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The Catholic Historical Review 90.1 (2004) 114-117

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Penitence, Preaching and the Coming of the Reformation. By Anne T. Thayer. [St Andrews Studies in Reformation History.] (Brookfield, Vermont: Ashgate Publishing Company. 2002. Pp. xiv, 226. $84.95.)

Penance was the central sacrament in Luther's Reformation. Although the other sacraments soon came under attack as well, they all did so in light of his radical assault on the penitential system, particularly as it had developed since the age of the Crusades with the belief in Purgatory, the system of indulgences, and fatal linkage of the salvific process with money. Of the Ninety-five Theses, number 82 was perhaps the most lethal. Luther cleverly posed it as one of the "shrewd questionings of the laity" about papal control of the Treasury of Merits: "Why does not the Pope empty purgatory for the sake of most holy love and the supreme need of souls? This would be the most righteous of reasons, if he can redeem innumerable souls for sordid money with which to build a basilica, the most trivial of reasons." This was arguably one of the most brilliant rhetorical questions ever asked. It was certainly one of the most devastating in its effects, for to it Pope Leo X and his theologians could have provided no satisfactory response.

In explaining the extraordinary and rapid success of Luther's ideas, probably unparalleled in the history of ideas, one can focus on his central message: Salvation is free, and one does not have to do anything to have it. This was an enormously liberating message in its own right—assuming that it was immediately apprehensible. But was it? I had already been teaching Reformation history for over fifteen years when I heard this crisp formulation given by a Presbyterian minister in a sermon on Reformation Sunday. So, too, it took Luther some years before he realized the full implications of his misreading of Paul (who in his Epistle to the Romans never speaks of justification by faith alone—this was Luther's later willful addition). So although we can see by hindsight how trenchant Luther's ideas were, we cannot assume that Luther's contemporaries did, above all since he himself did not.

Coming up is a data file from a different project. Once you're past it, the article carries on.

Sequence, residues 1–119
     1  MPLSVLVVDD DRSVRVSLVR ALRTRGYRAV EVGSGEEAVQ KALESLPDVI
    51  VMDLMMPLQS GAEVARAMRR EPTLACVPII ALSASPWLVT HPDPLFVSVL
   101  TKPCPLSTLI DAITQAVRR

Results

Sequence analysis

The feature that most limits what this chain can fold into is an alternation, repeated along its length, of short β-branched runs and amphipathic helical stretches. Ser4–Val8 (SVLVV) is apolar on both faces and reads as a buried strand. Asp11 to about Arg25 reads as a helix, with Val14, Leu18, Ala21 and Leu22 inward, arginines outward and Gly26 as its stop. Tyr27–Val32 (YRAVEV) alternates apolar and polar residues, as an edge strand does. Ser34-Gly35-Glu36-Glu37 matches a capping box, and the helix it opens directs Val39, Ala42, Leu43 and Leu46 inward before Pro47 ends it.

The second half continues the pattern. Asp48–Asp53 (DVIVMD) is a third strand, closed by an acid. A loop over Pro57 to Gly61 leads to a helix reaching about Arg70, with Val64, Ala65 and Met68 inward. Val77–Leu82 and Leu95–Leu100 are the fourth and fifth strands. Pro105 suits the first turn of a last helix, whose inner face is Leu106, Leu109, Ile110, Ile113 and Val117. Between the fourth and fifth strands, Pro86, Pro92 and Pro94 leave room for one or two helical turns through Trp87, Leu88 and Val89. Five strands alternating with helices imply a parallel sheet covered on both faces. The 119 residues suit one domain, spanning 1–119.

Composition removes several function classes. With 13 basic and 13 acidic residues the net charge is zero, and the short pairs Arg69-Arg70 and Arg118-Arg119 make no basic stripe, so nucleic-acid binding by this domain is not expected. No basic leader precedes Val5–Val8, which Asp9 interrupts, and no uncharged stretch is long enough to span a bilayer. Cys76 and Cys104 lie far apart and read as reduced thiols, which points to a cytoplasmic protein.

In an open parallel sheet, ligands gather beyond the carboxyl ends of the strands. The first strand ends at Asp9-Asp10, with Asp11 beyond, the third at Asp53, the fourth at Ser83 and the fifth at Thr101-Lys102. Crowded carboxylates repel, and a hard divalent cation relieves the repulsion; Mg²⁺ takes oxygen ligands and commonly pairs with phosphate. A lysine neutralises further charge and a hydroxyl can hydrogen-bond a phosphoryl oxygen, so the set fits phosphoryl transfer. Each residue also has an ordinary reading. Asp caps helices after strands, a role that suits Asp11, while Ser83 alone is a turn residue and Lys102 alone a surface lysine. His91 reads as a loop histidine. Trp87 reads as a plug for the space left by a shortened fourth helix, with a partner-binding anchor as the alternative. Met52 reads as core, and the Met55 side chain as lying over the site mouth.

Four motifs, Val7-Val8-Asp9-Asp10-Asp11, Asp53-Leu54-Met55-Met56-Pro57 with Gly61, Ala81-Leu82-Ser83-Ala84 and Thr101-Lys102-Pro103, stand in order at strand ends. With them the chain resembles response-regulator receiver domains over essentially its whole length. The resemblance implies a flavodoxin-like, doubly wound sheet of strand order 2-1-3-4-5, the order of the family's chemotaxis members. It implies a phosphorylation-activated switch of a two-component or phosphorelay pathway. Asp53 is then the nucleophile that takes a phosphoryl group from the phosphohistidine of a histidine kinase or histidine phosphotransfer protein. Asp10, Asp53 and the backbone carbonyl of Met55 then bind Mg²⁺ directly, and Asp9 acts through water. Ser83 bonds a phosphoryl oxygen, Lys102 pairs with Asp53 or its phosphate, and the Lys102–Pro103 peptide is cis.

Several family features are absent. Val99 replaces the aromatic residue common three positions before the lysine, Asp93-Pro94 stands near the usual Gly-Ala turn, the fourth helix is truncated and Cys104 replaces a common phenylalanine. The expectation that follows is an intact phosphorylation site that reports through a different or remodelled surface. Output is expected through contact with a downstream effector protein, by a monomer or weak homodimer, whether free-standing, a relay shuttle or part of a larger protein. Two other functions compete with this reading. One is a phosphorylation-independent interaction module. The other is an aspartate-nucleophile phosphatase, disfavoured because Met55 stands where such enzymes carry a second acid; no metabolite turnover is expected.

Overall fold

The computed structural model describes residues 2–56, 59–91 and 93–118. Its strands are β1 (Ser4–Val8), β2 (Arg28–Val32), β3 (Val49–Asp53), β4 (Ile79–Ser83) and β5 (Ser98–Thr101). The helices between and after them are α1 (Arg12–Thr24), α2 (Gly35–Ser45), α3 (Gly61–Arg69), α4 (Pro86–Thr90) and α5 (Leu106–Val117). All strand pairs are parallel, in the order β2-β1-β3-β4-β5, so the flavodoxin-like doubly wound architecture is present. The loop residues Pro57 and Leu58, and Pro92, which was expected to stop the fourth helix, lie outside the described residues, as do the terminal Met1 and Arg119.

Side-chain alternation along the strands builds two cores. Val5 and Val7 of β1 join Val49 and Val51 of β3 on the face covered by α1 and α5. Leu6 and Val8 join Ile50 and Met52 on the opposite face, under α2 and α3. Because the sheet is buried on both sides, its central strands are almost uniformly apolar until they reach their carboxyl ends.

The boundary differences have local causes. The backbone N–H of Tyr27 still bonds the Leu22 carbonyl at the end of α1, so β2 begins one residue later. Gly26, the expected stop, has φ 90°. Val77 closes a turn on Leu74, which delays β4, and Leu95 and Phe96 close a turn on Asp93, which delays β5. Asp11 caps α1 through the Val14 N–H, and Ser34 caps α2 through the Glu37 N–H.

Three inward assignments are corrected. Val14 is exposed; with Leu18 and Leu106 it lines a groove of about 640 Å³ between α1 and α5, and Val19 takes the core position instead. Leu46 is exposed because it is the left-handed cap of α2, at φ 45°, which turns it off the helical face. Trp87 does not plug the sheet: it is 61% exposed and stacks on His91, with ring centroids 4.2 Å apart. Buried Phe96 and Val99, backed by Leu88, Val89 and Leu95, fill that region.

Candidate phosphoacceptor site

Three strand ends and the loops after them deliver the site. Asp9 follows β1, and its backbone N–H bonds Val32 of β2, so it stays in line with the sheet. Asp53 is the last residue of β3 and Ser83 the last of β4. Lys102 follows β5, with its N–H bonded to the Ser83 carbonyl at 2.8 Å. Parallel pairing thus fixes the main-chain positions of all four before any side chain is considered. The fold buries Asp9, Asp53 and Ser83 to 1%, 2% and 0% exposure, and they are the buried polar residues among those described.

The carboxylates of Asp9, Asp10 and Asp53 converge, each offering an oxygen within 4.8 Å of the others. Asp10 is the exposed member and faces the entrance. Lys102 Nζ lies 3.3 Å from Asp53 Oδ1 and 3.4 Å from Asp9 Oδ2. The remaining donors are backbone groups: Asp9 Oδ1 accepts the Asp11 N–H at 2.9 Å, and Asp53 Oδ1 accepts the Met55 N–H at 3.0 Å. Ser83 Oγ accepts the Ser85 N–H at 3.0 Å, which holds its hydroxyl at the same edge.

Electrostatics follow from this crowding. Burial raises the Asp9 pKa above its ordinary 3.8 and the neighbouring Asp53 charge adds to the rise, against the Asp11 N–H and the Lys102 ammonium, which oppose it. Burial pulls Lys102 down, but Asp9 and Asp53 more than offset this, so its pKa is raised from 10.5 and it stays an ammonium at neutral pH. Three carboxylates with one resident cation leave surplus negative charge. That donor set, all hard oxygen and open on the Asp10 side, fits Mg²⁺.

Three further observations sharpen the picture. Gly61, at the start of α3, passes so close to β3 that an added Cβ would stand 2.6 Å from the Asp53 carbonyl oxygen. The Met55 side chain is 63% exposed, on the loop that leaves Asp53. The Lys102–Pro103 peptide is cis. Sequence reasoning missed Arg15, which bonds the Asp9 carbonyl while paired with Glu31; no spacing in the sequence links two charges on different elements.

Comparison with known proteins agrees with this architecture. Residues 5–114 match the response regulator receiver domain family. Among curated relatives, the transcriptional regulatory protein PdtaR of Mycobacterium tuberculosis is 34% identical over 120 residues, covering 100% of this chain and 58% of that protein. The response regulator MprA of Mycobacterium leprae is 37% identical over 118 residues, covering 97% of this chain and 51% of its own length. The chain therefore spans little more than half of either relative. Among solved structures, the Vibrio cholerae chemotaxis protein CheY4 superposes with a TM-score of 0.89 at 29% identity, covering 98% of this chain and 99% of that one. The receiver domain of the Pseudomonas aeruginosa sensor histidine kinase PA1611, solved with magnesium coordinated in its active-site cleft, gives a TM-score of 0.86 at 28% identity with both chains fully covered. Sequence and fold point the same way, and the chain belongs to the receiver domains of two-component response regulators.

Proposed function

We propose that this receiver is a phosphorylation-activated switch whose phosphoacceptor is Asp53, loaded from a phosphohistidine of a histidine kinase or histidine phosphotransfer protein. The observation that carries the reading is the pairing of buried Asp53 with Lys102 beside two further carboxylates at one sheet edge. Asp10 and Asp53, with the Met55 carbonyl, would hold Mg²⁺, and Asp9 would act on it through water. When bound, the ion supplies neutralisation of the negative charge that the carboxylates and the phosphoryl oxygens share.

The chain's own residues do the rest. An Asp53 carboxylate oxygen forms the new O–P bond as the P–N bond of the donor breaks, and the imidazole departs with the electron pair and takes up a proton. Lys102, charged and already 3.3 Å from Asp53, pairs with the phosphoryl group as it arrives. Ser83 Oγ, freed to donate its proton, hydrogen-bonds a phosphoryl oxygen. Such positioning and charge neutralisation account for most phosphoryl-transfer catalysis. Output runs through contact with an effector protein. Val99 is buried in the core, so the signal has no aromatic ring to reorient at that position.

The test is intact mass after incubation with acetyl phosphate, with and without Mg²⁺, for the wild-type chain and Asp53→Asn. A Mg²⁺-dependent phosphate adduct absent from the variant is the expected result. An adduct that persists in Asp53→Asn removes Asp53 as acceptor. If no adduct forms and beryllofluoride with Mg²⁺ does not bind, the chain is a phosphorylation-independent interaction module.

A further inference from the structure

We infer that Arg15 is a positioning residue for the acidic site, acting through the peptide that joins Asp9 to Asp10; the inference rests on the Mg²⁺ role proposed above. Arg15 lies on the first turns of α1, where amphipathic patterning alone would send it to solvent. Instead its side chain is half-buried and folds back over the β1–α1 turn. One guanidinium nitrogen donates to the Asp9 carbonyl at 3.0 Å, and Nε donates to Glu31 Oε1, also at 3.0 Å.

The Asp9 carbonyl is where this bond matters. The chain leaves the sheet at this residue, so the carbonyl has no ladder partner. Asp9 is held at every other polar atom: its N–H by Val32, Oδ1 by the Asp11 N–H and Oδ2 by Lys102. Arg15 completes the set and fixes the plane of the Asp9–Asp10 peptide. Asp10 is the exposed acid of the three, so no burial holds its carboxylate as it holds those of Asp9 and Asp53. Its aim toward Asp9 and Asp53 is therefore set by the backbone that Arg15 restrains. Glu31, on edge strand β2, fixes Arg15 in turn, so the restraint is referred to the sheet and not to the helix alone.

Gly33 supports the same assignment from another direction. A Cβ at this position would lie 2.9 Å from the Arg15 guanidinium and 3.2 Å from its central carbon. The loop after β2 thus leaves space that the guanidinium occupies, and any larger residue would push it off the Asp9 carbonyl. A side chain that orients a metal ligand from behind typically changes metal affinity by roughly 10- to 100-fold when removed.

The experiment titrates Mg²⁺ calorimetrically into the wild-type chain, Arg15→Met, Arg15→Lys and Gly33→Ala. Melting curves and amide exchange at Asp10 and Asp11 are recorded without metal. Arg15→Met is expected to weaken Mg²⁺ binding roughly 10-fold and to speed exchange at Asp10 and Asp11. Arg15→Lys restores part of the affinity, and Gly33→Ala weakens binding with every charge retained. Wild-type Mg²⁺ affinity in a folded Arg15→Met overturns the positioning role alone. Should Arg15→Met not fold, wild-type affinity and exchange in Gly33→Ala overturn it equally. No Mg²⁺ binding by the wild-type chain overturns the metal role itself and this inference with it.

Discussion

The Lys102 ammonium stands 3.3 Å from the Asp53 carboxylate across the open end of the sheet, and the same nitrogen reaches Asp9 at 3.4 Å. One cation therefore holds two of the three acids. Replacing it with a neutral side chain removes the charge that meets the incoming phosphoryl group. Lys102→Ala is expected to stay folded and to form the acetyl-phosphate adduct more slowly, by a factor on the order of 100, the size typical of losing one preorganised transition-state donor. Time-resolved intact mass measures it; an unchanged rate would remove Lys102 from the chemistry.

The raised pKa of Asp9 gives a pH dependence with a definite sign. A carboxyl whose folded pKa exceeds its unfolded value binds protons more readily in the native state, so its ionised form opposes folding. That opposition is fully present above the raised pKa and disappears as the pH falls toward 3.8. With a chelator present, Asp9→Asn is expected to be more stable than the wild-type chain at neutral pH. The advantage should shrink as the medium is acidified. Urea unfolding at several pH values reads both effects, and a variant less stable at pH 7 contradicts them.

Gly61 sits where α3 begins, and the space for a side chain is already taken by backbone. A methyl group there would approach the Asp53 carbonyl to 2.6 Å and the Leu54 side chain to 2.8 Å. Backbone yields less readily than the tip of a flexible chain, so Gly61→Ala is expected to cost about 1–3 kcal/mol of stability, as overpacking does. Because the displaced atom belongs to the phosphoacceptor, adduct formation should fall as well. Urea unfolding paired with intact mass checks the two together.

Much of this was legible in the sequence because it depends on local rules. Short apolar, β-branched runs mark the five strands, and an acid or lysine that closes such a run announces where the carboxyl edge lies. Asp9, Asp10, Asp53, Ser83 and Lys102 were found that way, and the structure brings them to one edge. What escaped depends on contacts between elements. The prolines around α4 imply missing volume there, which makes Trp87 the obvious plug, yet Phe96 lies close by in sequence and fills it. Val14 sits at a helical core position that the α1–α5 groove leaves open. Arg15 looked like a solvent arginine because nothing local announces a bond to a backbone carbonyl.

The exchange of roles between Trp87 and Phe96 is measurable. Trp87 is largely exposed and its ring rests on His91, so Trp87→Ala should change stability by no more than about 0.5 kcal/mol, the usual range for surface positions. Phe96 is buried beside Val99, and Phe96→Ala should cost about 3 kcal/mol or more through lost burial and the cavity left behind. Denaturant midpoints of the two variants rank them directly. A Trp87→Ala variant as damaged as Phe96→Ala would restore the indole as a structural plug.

A different way to approach the subject is to look at the receptivity of Luther's audience to messages of liberation. For some time historians were inclined to generalize from Luther's own experience of Angst in response to the [End Page 114] pentitential system and its capacity to inspire fear in him, but offer no consolation. But in fact there seems to be precious little pre-1517 evidence for such commonplace anxiety, as I argued some years ago ("Fear and Confession on the Eve of the Reformation," Archiv für Reformationsgeschichte, 75 [1984], 153-175), and now the argument about receptiveness has shifted yet again. This book, completed as a dissertation at Harvard University under the direction of Mark Edwards, contributes to the exploration of the openness of the hearers of Luther's message in light of what they are likely to have heard in the previous few decades about how the pentitential system worked.

Anne Thayer, who is assistant professor of theology at Lancaster Theological Seminary, has devised an ingenious approach to the issue of examining closely books of sermons printed in those decades with an eye to distinguishing their central foci in explicating the operation of the sacrament of penance. Sermon collections from the period of the Crusades have, for example, in recent years been studied to good effect to discern whether they treated the Holy Land differently from other areas as goals of the crusaders. Thayer is interested in examining what kinds of receptiveness to Reformation teachings pre-Reformation sermons might have created. She sorts these sermons out into three basic groups according to the emphasis they placed on the priest in the forgiveness of sins: the rigorist, which stressed that forgiveness came to the penitent directly from God in the context of contrition; the moderate, which balanced this stress on...


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